Field of Dreams, Now Just Another Field

By Gerald Eskenazi

Published October 07, 2005, issue of October 07, 2005.

Forty years ago, Sandy Koufax took a day off from his job because it was Yom Kippur. And because it fell on a day he was supposed to pitch in the World Series, he was elevated once and forever into icon status in the Jewish community.

But I believe that the gesture is now more of a fine historical reference than an ongoing symbol of Jewish resolve for the current minions. In its time, it was a wonderful, and powerful, affirmation of Judaism. But today, do we still need that special seal of validation?

No — and I think that’s great. Not that I am unaware of Jews in sports these days. Indeed, I myself am a member of the Jewish Sports Hall of Fame.

And inevitably, when I mention my affiliation — which I do often, I am proud to say — someone brings up Koufax and Yom Kippur. That tandem remains a defining moment in American Judaism. Indeed, I would argue it transcended sports.

But it says something about most of today’s 5.5 million American Jews that we don’t make a major issue, or God forbid, an idol, out of the still small number of big-time athletes of the Hebraic persuasion, as my old Army sergeant used to say. In other words, I’m okay even if there isn’t a 6-foot-11-inch circumcised behemoth dunking a basketball.

For by any measure, Jews are mainstream and hardly need a hero to lift us up. Yes, we were proud when a Jew was on the ticket for vice president. But once the initial euphoria wore off, it was business, and politics, as usual. We have Jews in President Bush’s Cabinet; we’ve got a remarkable number of Nobel laureates; we’ve got team owners; we’ve got corporation heads. We don’t have to make them up.

But back in my old neighborhood of East New York in Brooklyn, so many star American athletes took on an almost-Jewish tinge: Maybe it was the way the old men mispronounced Mickey Mantle (“Mendel”), or Duke Snider (“Schneider”). And even Pee Wee Reese had a vaguely Jewish nuance to his name. If these guys weren’t Jewish, why, we’d create a fantasy persona for them.

Oh, I knew some of the legends regarding Jews: Max Baer had a Jewish star on his trunks, even though he wasn’t Jewish. And there was Hank Greenberg, who, it was said, was stuck at 58 home runs, two shy of Babe Ruth’s record 60, because opposing goy pitchers deliberately walked him rather than have him join the gentile pantheon of great athletes.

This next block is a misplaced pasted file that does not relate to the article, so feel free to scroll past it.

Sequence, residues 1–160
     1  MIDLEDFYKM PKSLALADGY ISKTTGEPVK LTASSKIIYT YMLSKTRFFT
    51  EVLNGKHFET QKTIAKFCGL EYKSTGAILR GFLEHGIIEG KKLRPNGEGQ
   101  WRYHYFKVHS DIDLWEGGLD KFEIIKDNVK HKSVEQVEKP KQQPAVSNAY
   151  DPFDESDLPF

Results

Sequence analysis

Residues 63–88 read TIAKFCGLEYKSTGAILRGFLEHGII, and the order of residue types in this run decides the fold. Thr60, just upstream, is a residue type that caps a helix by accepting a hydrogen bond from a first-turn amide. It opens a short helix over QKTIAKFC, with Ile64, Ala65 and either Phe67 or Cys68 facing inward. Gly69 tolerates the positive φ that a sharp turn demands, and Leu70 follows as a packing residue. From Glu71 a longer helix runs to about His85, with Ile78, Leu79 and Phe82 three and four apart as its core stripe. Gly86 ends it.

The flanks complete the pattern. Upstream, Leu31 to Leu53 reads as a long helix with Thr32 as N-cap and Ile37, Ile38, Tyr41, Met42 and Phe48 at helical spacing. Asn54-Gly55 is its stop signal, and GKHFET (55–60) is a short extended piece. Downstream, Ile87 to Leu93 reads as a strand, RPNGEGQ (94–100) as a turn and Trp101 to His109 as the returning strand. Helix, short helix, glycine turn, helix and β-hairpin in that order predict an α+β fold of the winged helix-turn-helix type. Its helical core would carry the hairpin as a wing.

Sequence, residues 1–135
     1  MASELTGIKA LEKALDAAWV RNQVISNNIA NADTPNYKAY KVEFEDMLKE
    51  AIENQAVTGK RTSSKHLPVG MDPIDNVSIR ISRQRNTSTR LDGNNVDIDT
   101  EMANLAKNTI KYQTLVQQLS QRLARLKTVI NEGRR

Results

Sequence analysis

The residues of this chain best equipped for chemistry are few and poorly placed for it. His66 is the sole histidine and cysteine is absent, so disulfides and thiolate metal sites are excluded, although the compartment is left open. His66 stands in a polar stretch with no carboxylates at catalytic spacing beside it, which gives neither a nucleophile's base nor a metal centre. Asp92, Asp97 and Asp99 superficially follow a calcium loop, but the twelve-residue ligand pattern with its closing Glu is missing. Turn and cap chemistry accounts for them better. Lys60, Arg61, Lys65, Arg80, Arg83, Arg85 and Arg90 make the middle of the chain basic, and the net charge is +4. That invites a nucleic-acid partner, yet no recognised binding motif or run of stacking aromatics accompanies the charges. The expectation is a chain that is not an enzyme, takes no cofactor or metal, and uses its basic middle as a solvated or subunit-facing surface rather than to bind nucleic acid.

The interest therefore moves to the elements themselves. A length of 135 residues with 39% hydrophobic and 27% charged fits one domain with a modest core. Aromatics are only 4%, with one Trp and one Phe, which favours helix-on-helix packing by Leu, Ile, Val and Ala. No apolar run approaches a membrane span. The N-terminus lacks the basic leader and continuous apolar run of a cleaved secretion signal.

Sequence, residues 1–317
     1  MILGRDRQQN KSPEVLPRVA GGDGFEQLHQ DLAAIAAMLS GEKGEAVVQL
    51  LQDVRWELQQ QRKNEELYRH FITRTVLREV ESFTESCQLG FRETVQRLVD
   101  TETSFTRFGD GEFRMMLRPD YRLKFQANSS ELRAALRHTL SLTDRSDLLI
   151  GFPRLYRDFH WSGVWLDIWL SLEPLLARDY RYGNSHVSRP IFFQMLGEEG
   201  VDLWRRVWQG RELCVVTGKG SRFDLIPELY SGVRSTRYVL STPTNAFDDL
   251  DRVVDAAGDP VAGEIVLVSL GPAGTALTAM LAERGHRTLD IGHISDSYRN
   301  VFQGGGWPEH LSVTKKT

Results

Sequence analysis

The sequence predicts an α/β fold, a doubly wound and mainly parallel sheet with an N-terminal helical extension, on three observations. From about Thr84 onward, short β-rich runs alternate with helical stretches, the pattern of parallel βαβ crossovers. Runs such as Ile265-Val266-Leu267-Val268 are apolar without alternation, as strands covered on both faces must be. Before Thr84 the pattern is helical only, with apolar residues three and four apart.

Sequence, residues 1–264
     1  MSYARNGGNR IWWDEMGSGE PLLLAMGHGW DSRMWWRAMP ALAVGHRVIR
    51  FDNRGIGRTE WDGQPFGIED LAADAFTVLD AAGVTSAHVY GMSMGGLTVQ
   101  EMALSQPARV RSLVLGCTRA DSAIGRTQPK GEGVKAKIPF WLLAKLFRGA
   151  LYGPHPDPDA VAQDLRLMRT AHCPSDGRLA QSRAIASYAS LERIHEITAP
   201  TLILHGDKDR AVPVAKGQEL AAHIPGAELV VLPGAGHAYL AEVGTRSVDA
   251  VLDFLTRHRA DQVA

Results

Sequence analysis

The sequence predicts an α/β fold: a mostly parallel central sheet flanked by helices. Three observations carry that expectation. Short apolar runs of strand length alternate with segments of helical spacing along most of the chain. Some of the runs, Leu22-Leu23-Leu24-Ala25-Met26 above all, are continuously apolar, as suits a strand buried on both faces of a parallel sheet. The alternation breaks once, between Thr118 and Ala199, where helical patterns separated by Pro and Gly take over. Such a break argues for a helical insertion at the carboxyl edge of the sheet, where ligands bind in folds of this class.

But do you remember that Koufax was listed as the American athlete of the century by Sports Illustrated in its 2000 perspective? (Albert Einstein made it as Time’s Man of the Century.)

So there has been a world of change since Koufax’s Jewish moment. People named Weill and Perelman and Tisch have become major players in finance; there was a Wolfowitz hidden among the Bushies; half of Bill Clinton’s enablers seemed to be Jewish. Many Hollywood types protesting various military engagements and spotted-owl destruction can read Hebrew.

In the scheme of things, what’s the big deal if Shawn Green hits a home run for the Dodgers? Or sits out a holiday?

I don’t think you’ll see on a field, or a rink, the situation that once happened to a fellow named Larry Zeidel, a pugnacious player for the Philadelphia Flyers hockey team back in the 1960s. In a game against the Boston Bruins, someone from the Bruins’ bench yelled, “You’re next for the ovens, Zeidel!” That prompted some more fighting from Zeidel.

When I asked the president of the National Hockey League, Clarence Campbell — who, as a Canadian lawyer, had worked on the Nuremburg war crimes tribunal — about what the Bruins had shouted, he told me, “The ethnic slur has always been part of hockey.” No discipline was forthcoming against Boston just for that.

And yet, despite progress that has made us mainstream, this I know: I feel good when Green does hit one out of the park. Or when my fellow hall of famer, quarterback Jay Fiedler, tosses a touchdown. Moreover, while I can intellectualize all the reasons why it’s no big deal that we’re part of the big picture in America, a part of me is proud when a Jew publicly declares he will not go to work on a high holiday.

Back in the 1970s, when I was in mid-career as a sportswriter for The New York Times, I foolishly agreed to cover a Yankees’ game on the afternoon before the start of Rosh Hashana. I thought the game would be over by about 3:30 p.m., I’d be finished writing at 5, I’d be in shul by 6.

Ah, baseball. The game was tied going into the bottom of the ninth. And guess who won the game then for the Yankees? Ron Blomberg, their Jew from Georgia. He was ecstatic afterward, and told me that if the game had gone into extra innings, he would have left to go to temple. Well, I wrote my story (which carried a headline about the “Sundown Kid”), and made it to shul.

The next time I saw Blomberg, he was wolfing down a ham sandwich. But for that earlier moment, he had become a Jew for whom his past had overtaken his present.

Gerald Eskenazi , a former New York Times sportswriter, is author of the forthcoming radio memoir “I Hid It Under the Sheets” (University of Missouri Press).



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